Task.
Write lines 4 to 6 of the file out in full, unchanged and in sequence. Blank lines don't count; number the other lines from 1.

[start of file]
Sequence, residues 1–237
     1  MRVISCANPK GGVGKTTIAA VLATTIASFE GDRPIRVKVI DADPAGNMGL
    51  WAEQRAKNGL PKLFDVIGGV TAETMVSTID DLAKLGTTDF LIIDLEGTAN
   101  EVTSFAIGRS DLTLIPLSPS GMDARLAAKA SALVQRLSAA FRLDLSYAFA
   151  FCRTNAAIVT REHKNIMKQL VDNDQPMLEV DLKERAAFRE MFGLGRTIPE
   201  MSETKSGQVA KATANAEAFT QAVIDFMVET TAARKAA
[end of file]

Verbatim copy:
   101  EVTSFAIGRS DLTLIPLSPS GMDARLAAKA SALVQRLSAA FRLDLSYAFA
   151  FCRTNAAIVT REHKNIMKQL VDNDQPMLEV DLKERAAFRE MFGLGRTIPE
   201  MSETKSGQVA KATANAEAFT QAVIDFMVET TAARKAA